arbitration agreement does not require arbitration because it conflicts with
provisions of the purchase agreement, which controls in the event of a conflict.
Southall further responds that the warranty does not contain an arbitration
provision and thus his warranty claim is not subject to arbitration.
I. Validity of the Arbitration Agreement
The arbitration agreement provides that it applies to claims arising from a
purchase of a vehicle from BMW Dallas. Southall and BMW Dallas signed the
arbitration and purchase agreements at the same time, and the agreements reference
one another. Southall and BMW Dallas’s contemporaneous execution of the
agreements is evidence of their intent to read the agreements together. See Palm
Harbor Homes, 195 S.W.3d at 676; Prime Prods., 97 S.W.3d at 636. Accordingly,
we read them as a “single, unified instrument.” See Fort Worth Indep. Sch. Dist.,
22 S.W.3d at 840. Because the purchase and arbitration agreements reference one
another, and the purchase agreement expressly incorporates the arbitration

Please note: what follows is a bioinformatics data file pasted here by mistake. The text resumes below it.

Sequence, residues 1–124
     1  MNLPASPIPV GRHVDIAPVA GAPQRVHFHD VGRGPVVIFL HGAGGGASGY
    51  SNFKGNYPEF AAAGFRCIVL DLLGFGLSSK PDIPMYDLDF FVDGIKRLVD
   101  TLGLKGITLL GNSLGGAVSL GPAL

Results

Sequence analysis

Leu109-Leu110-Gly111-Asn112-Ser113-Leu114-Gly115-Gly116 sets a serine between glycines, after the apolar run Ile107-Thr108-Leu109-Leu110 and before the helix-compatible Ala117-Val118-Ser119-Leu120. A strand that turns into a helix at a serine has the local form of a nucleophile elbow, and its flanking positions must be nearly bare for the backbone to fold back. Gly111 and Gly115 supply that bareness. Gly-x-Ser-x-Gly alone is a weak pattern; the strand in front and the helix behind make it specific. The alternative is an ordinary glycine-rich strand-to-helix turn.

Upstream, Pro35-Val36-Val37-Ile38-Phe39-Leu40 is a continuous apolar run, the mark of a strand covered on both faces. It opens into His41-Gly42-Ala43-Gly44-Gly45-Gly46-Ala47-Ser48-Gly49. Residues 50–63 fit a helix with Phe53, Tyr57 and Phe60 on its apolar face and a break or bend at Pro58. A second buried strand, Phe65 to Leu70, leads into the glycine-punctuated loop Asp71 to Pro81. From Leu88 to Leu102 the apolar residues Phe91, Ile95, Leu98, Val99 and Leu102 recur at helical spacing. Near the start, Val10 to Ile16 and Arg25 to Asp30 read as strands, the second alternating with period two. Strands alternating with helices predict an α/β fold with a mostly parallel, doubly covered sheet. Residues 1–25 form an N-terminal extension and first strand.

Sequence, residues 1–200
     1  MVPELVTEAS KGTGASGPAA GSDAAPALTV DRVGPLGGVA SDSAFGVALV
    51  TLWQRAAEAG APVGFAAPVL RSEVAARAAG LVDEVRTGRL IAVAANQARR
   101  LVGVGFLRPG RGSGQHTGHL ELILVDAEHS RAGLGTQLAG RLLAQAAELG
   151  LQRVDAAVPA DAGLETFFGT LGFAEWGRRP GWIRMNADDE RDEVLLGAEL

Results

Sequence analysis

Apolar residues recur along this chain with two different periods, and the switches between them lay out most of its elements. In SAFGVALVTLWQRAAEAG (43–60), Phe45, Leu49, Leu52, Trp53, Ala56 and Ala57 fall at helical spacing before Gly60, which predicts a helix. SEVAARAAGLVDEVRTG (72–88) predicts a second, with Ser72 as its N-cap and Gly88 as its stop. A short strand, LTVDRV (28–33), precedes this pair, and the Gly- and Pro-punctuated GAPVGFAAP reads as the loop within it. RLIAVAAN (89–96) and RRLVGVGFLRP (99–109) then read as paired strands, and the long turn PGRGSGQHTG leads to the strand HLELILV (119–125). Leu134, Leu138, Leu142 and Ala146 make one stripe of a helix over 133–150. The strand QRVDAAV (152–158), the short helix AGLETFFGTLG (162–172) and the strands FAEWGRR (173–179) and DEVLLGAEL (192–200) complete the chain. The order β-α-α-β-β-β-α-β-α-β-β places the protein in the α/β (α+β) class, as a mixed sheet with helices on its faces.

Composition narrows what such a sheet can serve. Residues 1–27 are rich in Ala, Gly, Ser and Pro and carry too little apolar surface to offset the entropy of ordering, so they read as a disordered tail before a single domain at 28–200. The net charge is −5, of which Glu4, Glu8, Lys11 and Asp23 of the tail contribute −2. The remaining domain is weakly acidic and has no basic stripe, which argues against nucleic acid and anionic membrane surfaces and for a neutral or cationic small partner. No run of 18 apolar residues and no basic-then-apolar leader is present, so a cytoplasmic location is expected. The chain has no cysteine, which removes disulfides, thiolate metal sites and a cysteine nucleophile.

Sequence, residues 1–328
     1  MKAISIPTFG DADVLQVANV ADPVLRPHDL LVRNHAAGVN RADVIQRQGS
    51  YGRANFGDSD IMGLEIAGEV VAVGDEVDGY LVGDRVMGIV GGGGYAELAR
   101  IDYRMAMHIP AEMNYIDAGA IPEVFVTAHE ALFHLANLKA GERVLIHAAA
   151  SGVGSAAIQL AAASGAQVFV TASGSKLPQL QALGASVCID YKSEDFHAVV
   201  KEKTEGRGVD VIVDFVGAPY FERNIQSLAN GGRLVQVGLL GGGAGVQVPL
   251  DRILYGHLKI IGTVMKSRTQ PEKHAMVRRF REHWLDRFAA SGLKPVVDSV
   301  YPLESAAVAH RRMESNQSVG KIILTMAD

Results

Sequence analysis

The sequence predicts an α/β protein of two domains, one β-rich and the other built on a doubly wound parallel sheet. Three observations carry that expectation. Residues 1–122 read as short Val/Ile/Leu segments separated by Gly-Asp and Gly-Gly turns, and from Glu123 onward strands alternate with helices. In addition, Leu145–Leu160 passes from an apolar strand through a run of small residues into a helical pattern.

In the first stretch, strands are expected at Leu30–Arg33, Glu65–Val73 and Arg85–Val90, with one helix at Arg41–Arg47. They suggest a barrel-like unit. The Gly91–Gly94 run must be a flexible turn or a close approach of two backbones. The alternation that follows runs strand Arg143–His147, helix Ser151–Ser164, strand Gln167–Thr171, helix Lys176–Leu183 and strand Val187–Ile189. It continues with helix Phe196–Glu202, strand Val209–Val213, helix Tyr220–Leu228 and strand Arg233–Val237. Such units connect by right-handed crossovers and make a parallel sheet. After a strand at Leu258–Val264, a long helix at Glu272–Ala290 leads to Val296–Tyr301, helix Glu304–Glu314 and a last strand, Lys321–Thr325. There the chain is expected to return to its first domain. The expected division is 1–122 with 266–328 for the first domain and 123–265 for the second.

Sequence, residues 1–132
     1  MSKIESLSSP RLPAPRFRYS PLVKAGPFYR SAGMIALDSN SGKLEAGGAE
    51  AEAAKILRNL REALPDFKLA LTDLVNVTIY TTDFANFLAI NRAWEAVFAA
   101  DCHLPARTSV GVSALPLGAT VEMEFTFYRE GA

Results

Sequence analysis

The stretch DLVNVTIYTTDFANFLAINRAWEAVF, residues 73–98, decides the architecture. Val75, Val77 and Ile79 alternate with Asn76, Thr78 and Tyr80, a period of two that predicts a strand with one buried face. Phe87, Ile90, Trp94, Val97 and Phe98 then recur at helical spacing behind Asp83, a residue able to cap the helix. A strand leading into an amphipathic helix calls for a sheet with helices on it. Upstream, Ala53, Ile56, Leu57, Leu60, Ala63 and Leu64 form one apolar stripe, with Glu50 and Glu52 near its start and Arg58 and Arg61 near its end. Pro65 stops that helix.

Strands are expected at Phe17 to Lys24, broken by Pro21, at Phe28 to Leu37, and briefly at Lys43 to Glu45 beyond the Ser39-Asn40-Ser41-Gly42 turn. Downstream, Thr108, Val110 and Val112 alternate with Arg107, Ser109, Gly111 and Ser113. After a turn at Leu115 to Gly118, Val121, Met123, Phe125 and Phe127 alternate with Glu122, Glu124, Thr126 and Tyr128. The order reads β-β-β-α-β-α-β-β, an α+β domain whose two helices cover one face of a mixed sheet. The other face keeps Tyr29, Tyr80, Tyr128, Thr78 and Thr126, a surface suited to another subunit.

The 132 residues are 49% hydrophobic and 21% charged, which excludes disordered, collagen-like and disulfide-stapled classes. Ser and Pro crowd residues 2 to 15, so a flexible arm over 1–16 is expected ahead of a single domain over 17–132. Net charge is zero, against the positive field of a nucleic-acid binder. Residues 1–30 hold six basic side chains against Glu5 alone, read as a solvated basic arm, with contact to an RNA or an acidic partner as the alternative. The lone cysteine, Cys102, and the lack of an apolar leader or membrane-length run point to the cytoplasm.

agreement, the sellers have met their burden to demonstrate a valid, enforceable
arbitration agreement in connection with Southall’s purchase. See Palm Harbor
Homes, 195 S.W.3d at 676; Fort Worth Indep. Sch. Dist., 22 S.W.3d at 840; In re
Provine, 312 S.W.3d at 828–29; Prime Prods., 97 S.W.3d at 636.
Southall relies on the forum selection clause to contend that the purchase
agreement contravenes the arbitration agreement. That clause places venue in the
county in which BMW Dallas is located should litigation arise. But the clause
further provides that “[a]ny and all arbitration proceedings shall also take place in
the county where [BMW Dallas] is located.” The purchase agreement expressly
contemplates arbitration as a means of dispute resolution; the venue provision does
not conflict with the arbitration agreement.
We hold that the arbitration agreement is valid and enforceable.
II. Scope of the Arbitration Agreement